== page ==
Underpinning young people’s positive experiences of residential care is one common element – the development of trusting, consistent and meaningful relationships with staff. If we think about our own families and our wider communities it is only within the context of trusting, positive and meaningful relationships that opportunities are forged to effectively educate, reason with and role model the knowledge and skills required with children and young people to help them identify and manage risk effectively and appropriately. Fundamentally the aim of residential care is also to provide these opportunities.

From what staff, children and young people tell us we cannot say that the work of care workers is ineffective. We do know though that it can be time consuming and resource intensive to build relationships. It can be very difficult to ‘reach’ children and young people when they have had few positive relationships in their families and their communities.

Within this context restraint cannot be relied on as an effective and reliable intervention for preventing risk of exposure to sexual exploitation and is not a solution. Restraining young people is traumatic for them, an intrusion into their private space and maybe experienced like another violation of their person. It is almost certainly unlikely to be experienced by them as providing a platform for the development of meaningful relationships. The process is also traumatic for staff and places them at much greater risk of complaint and investigation.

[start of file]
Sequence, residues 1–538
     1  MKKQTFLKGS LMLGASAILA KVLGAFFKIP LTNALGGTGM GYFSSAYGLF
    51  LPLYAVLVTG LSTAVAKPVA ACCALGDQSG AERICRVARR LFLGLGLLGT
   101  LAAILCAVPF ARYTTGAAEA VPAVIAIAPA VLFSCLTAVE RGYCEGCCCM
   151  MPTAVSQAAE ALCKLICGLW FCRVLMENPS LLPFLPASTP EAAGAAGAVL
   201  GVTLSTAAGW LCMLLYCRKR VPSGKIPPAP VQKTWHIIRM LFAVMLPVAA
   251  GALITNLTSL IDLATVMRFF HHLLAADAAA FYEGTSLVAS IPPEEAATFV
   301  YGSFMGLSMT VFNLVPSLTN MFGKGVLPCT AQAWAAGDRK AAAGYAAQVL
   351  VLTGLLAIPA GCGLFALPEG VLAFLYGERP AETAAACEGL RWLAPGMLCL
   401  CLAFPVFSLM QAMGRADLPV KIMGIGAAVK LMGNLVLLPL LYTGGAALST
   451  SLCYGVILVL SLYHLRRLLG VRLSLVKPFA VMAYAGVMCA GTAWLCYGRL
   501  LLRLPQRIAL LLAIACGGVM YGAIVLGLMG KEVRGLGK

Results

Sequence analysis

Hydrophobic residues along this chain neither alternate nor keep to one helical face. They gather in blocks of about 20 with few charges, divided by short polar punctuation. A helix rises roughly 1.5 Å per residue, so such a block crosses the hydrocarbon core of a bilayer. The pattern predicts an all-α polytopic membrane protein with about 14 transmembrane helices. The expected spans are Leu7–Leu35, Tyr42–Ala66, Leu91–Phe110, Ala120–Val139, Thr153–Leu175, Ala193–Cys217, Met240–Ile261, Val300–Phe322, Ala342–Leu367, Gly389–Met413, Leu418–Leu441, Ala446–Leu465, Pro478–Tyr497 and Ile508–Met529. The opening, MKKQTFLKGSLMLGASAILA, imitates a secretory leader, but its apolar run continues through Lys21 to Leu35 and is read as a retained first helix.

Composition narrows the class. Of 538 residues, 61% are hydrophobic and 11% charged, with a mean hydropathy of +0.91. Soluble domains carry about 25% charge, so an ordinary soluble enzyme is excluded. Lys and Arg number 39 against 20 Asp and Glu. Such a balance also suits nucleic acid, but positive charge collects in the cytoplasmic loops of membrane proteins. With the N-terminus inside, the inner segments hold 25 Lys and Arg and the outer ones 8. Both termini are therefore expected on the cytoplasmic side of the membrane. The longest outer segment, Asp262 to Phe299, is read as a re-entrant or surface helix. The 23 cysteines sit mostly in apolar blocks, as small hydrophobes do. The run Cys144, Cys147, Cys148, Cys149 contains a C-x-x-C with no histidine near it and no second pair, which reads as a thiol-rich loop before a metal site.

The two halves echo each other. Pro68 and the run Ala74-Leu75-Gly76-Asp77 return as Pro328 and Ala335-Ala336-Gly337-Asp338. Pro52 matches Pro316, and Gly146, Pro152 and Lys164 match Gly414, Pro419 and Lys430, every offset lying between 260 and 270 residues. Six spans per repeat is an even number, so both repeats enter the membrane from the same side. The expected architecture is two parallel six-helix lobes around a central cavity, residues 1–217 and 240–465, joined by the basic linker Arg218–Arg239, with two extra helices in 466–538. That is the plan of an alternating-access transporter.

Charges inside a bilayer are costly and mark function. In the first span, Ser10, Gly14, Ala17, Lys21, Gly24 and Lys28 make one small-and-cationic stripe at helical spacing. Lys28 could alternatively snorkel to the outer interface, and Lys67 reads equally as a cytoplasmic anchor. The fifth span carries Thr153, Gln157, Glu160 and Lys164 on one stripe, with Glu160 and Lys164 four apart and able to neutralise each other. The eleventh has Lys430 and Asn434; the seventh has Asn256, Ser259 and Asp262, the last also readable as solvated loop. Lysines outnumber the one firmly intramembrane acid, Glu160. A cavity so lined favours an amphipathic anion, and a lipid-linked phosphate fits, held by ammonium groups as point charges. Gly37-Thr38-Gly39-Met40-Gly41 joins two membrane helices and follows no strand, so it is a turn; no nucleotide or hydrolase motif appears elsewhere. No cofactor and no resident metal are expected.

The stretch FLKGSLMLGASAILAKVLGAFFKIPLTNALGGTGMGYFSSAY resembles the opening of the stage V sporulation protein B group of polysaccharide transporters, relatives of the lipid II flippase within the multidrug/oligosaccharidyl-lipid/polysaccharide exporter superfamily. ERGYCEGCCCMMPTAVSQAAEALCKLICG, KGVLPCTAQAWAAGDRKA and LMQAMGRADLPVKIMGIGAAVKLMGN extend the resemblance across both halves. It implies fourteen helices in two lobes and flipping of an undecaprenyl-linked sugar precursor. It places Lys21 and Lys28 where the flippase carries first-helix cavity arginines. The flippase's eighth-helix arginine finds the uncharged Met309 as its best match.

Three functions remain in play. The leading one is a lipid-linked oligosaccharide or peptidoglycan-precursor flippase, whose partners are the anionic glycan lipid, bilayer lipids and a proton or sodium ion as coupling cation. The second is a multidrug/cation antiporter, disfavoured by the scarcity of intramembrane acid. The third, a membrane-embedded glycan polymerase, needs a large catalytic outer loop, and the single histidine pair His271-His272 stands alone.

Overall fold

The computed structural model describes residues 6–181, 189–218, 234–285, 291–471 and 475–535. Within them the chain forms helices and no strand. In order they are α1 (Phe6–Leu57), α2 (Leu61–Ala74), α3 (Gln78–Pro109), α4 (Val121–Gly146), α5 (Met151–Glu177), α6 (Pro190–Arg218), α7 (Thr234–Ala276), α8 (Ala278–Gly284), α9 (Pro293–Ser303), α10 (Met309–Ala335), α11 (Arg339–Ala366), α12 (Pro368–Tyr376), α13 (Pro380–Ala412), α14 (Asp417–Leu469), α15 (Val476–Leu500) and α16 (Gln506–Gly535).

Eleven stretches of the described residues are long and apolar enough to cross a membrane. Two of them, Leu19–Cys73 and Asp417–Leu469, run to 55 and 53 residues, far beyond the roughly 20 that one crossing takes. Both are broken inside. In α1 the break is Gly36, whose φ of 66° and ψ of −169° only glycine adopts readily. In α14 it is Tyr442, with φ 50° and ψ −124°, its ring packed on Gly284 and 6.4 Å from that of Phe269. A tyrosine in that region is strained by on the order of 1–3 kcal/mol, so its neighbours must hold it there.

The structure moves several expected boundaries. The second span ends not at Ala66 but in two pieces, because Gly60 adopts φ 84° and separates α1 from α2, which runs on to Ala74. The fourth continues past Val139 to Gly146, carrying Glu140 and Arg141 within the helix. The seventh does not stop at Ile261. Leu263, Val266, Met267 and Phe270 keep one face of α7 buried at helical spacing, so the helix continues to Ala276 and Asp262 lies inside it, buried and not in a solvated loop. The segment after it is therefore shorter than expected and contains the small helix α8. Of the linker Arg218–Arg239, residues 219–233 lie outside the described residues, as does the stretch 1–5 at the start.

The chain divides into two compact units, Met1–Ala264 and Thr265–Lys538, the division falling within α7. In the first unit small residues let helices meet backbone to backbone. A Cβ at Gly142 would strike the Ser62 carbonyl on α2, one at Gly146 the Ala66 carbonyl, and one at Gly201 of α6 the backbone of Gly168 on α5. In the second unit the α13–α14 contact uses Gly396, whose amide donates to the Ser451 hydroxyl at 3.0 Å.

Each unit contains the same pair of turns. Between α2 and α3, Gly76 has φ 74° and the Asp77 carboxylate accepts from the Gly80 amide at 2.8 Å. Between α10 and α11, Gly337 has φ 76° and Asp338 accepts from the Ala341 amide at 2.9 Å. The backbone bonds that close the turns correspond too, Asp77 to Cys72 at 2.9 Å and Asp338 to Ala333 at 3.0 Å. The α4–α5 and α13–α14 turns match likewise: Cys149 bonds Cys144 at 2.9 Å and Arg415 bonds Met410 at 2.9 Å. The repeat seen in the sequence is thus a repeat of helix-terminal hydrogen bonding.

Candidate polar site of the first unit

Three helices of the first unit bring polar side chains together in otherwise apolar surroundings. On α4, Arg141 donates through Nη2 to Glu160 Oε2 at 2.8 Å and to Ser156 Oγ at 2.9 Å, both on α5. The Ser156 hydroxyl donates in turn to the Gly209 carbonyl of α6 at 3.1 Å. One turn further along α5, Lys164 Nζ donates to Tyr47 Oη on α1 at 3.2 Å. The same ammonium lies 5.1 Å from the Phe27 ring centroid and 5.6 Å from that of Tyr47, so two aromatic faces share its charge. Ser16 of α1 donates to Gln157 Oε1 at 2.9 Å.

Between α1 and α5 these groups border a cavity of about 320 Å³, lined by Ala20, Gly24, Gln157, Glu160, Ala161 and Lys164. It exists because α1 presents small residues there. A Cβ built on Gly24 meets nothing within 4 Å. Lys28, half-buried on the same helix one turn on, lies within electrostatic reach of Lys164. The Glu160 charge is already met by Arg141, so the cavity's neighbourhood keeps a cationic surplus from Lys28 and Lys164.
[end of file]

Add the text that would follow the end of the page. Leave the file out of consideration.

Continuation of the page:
What all of this should indicate is the need for an informed discussion and one that recognizes that there are no ‘quick fix’ solutions regarding the sexual exploitation of children and young people. One issue that needs much more careful consideration is whether being in residential care per se increases the risk of young people being sexually exploited. It is convenient to ‘box off’ sexual exploitation as connected with residential child care and makes it much harder to push for the development of a shared sense of responsibility, across agencies and communities towards the children and young people living in our areas.

The recently established Safeguarding Board Northern Ireland has a vital role to play in this regard and its newly published guides on sexual exploitation have been developed on a model of shared professional responsibility and effective working relationships between professionals. Translating the principles and practices of these guides into the daily practices of people who work in settings with children requires more opportunities for adults and children to develop trusting, respectful and meaningful relationships with each other. Supporting the development of these requires resources so that we have the right number of people with the right training in the right place and at the right time.

Dr. Karen Winter is a lecturer in social work at Queen’s University Belfast and has researched and written widely on the subject of children in care. Most recently she is one of a team commissioned by the Northern Ireland Human Rights Commission to undertake a review of research, policy and practice concerning children and young people on the edge of care and in care and their right to family life.

Sept 29th 2013


[1] DHSSPS (2013) Children in Care in Northern Ireland

[2] HSCNI/PSNI (2011) Regional Guidance. Police Involvement in Residential Units. Safeguarding of Children Missing from Home and Foster Care.

[3] SCIE (2012) Therapeutic Approaches to Social Work in Residential Child Care Settings.